Who Was Anne Frank?, Ann Abramson (4.6, MG)

14

Teammates, Peter Golenbock (5.4, LG)

Martin's Big Words: The Life of Dr. Martin Luther King, Jr.,
Doreen Rappaport (3.4, LG)

15

Football, Tanis Booth (5.0, MG)

Balloons over Broadway: The True Story of the Puppeteer of Macy's


Parade, Melissa Sweet (5.4, LG)

16

Martin's Big Words: The Life of Dr. Martin Luther King, Jr.,
Doreen Rappaport (3.4, LG)

The Diary of a Young Girl, Anne Frank (6.5, MG+)

17

Si-cology 1: Tales & Wisdom from Duck Dynasty's Favorite Uncle,


Si Robertson (5.8, MG+)

Chasing Lincoln's Killer, James L. Swanson (7.5, MG+)

18

John Cena, Adam Stone (4.0, MG)

Sir Cumference and the Dragon of Pi: A Math Adventure,


Cindy Neuschwander (3.8, LG)

19

Sir Cumference and the Dragon of Pi: A Math Adventure,


Cindy Neuschwander (3.8, LG)

Looking at Lincoln, Maira Kalman (3.3, LG)

20

Football, Ray McClellan (4.0, LG)

One Direction: Straight to the Top, Riley Brooks (6.3, LG)

21

The Man Who Walked Between the Towers, Mordicai Gerstein (3.7, LG)

Who Was Walt Disney?, Whitney Stewart (4.9, MG)

22

My Life in Dog Years, Gary Paulsen (5.6, MG)

One Direction, Lynn Peppas (6.0, MG)

23

Sir Cumference and the First Round Table: A Math Adventure,


Cindy Neuschwander (4.3, LG)

Rosa, Nikki Giovanni (4.9, LG)

24

The Magic School Bus Inside the Earth, Joanna Cole (3.6, LG)

My Life in Dog Years, Gary Paulsen (5.6, MG)

25

Basketball, Jonatha A. Brown (3.4, LG)

Who Was Dr. Seuss?, Janet B. Pascal (5.3, MG)

* The average ATOS level of the top 25 nonfiction books read by sixth graders was 4.7 for boys and 4.8 for girls. ATOS level and interest level together inform book selection. ATOS level is an
estimate of text difficulty reported on a grade-level scale. Interest levels refer to the sophistication/maturity of a texts content, ideas, and themes: LG (lower grades, K3), MG (middle grades,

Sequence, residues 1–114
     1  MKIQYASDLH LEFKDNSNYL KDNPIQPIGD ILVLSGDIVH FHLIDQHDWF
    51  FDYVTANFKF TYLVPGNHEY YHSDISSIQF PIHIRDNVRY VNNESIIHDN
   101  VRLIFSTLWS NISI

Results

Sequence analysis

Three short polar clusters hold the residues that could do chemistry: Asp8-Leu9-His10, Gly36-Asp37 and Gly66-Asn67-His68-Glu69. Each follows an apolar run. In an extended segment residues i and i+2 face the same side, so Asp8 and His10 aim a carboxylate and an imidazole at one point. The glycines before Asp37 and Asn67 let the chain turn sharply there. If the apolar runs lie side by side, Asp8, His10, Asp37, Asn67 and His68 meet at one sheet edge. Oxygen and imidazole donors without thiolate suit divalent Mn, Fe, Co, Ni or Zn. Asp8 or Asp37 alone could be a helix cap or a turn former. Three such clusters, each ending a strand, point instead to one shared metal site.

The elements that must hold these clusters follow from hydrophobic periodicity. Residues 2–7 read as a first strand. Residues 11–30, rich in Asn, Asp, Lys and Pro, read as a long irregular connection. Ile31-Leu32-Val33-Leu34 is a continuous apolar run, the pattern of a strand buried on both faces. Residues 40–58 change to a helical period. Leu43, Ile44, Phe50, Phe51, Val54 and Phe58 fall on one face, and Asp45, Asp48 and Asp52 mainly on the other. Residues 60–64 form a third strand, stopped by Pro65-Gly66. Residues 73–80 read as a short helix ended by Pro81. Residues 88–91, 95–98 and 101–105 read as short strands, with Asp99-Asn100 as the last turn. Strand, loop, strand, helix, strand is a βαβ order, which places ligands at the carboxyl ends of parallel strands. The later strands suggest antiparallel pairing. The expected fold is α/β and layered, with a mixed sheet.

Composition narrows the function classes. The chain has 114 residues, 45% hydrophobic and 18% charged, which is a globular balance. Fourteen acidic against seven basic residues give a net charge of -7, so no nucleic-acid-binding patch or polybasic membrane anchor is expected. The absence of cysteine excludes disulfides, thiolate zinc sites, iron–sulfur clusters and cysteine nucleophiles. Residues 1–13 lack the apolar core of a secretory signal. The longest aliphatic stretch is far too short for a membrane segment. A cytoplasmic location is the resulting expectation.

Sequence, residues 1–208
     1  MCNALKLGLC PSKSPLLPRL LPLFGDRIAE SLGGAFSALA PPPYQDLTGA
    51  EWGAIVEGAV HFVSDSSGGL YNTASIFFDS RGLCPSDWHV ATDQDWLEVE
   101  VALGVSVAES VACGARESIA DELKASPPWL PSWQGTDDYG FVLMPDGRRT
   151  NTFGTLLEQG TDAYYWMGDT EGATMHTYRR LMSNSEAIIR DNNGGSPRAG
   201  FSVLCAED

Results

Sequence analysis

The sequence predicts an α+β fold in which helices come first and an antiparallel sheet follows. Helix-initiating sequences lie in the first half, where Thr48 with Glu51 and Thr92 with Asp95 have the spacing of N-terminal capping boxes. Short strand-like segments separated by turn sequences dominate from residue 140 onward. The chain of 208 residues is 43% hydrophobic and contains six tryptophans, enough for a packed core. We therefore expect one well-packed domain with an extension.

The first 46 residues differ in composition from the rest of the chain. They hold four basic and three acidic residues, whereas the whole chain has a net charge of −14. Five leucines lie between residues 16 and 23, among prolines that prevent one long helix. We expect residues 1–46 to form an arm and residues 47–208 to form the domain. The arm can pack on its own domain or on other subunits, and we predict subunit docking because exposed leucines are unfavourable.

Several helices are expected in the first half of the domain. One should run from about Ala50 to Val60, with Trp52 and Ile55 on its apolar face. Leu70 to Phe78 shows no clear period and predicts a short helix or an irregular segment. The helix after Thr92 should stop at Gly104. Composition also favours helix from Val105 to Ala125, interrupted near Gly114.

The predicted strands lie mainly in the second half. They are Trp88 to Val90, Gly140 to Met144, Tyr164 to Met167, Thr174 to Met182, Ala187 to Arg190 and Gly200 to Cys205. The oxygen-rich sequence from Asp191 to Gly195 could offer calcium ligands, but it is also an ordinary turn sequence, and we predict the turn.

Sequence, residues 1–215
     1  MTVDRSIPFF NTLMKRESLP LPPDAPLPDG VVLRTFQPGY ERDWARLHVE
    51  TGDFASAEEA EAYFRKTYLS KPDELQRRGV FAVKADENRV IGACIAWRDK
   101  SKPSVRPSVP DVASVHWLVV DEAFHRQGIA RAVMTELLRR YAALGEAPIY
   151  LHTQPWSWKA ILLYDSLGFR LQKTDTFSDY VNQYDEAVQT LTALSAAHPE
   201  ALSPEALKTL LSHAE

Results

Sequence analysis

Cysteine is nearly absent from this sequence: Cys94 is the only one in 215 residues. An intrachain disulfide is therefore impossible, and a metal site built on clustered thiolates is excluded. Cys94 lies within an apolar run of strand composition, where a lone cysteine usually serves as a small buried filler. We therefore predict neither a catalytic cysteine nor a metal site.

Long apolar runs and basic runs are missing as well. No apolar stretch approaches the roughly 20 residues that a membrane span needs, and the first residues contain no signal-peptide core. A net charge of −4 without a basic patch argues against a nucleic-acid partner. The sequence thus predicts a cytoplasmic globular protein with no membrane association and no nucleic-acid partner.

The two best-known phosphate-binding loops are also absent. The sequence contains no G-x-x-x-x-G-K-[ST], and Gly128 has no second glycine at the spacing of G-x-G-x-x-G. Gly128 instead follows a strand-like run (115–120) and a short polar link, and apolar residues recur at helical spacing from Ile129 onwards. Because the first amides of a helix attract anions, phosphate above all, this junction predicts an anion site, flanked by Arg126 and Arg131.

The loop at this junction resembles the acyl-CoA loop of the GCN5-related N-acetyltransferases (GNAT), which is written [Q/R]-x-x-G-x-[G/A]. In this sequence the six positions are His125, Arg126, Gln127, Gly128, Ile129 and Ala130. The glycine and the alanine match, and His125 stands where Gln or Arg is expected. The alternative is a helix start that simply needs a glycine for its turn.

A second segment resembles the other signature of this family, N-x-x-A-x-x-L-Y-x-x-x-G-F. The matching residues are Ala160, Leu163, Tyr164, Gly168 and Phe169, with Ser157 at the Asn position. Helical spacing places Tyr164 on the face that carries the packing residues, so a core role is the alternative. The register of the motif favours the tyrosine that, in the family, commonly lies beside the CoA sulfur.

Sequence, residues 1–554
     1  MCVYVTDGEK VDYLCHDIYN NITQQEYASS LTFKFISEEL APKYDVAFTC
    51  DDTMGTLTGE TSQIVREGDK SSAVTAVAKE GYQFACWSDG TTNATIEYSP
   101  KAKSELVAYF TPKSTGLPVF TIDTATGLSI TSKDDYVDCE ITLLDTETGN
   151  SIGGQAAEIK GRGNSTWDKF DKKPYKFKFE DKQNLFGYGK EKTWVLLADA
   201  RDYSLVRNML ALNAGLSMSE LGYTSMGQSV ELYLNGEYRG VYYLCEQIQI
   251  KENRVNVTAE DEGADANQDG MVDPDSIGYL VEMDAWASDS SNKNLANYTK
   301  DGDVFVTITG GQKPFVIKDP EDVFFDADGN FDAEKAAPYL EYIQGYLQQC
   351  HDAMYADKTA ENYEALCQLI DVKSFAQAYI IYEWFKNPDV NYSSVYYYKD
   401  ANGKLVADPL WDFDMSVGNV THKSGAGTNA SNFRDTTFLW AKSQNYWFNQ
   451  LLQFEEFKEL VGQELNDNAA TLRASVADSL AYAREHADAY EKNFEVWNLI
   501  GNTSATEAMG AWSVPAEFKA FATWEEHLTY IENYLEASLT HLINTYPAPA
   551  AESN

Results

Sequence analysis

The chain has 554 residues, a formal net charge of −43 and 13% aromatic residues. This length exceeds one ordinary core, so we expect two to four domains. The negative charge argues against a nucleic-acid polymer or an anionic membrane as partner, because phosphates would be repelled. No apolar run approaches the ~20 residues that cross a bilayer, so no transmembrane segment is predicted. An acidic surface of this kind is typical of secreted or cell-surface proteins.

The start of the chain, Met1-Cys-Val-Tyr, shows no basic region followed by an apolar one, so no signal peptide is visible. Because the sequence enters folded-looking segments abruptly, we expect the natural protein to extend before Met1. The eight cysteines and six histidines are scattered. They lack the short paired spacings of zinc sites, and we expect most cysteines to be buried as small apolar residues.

48), MG+ (middle grades plus, 6 and up), and UG (upper grades, 912).

33

Section II: Nonfiction reading

Grade 7
Boys

Girls
Title, author (ATOS level, interest level)*

Rank

A Child Called "It": One Child's Courage to Survive, Dave Pelzer (5.8, UG)

A Child Called "It": One Child's Courage to Survive, Dave Pelzer (5.8, UG)

Chasing Lincoln's Killer, James L. Swanson (7.5, MG+)

Smile, Raina Telgemeier (2.6, MG)

The Wimpy Kid Movie Diary: How Greg Heffley Went Hollywood,
Jeff Kinney (6.5, MG)

Heaven Is for Real: A Little Boy's Astounding Story of His Trip to Heaven
and Back, Todd Burpo (6.3, MG+)

Night, Elie Wiesel (4.8, UG)

The Lost Boy: A Foster Child's Search for the Love of a Family, Dave Pelzer
(5.1, UG)

Woodsong, Gary Paulsen (5.6, MG)

Soul Surfer: A True Story of Faith, Family, and Fighting to Get Back on the
Board, Bethany Hamilton (6.0, MG+)

I Am a SEAL Team Six Warrior: Memoirs of an American Soldier,


Howard E. Wasdin (6.6, UG)

Night, Elie Wiesel (4.8, UG)

Heaven Is for Real: A Little Boy's Astounding Story of His Trip to Heaven
and Back, Todd Burpo (6.3, MG+)

The Miracle Worker, William Gibson (5.2, UG)

Football, Jonatha A. Brown (3.4, LG)

Chasing Lincoln's Killer, James L. Swanson (7.5, MG+)

Football, Tanis Booth (5.0, MG)

The Diary of a Young Girl, Anne Frank (6.5, MG+)

10

Smile, Raina Telgemeier (2.6, MG)

One Direction, Lynn Peppas (6.0, MG)

11

The Miracle Worker, William Gibson (5.2, UG)

Sadako and the Thousand Paper Cranes, Eleanor Coerr (4.1, MG)

12

Football, Ray Broekel (3.3, LG)

Woodsong, Gary Paulsen (5.6, MG)

13

Si-cology 1: Tales & Wisdom from Duck Dynasty's Favorite Uncle,


Si Robertson (5.8, MG+)

While the World Watched: A Birmingham Bombing Survivor Comes of


Age During the Civil Rights Movement, Carolyn Maull McKinstry (7.4, UG)

14

The Lost Boy: A Foster Child's Search for the Love of a Family,
Dave Pelzer (5.1, UG)

The Wimpy Kid Movie Diary: How Greg Heffley Went Hollywood,
Jeff Kinney (6.5, MG)

15

Brian's Song, William Blinn (5.1, UG)

Red Scarf Girl: A Memoir of the Cultural Revolution, Ji-li Jiang (5.0, UG)

16

Basketball, Jonatha A. Brown (3.4, LG)

We Beat the Street: How a Friendship Pact Led to Success,


Sampson Davis (5.8, UG)

17

Sadako and the Thousand Paper Cranes, Eleanor Coerr (4.1, MG)

Brian's Song, William Blinn (5.1, UG)

18

How They Croaked: The Awful Ends of the Awfully Famous,


Georgia Bragg (6.8, MG)

Marley & Me: Life and Love with the World's Worst Dog, John Grogan
(6.9, UG)

19

Happy, Happy, Happy: My Life and Legacy as the Duck Commander,


Phil Robertson (6.3, MG+)

Chinese Cinderella, Adeline Yen Mah (5.7, UG)

20

We Beat the Street: How a Friendship Pact Led to Success,


Sampson Davis (5.8, UG)

One Direction: Straight to the Top, Riley Brooks (6.3, LG)

21

Guts: The True Stories Behind Hatchet and the Brian Books,
Gary Paulsen (6.5, MG)

How They Croaked: The Awful Ends of the Awfully Famous,


Georgia Bragg (6.8, MG)

22

Bomb: The Race to Build--and Steal--the World's Most Dangerous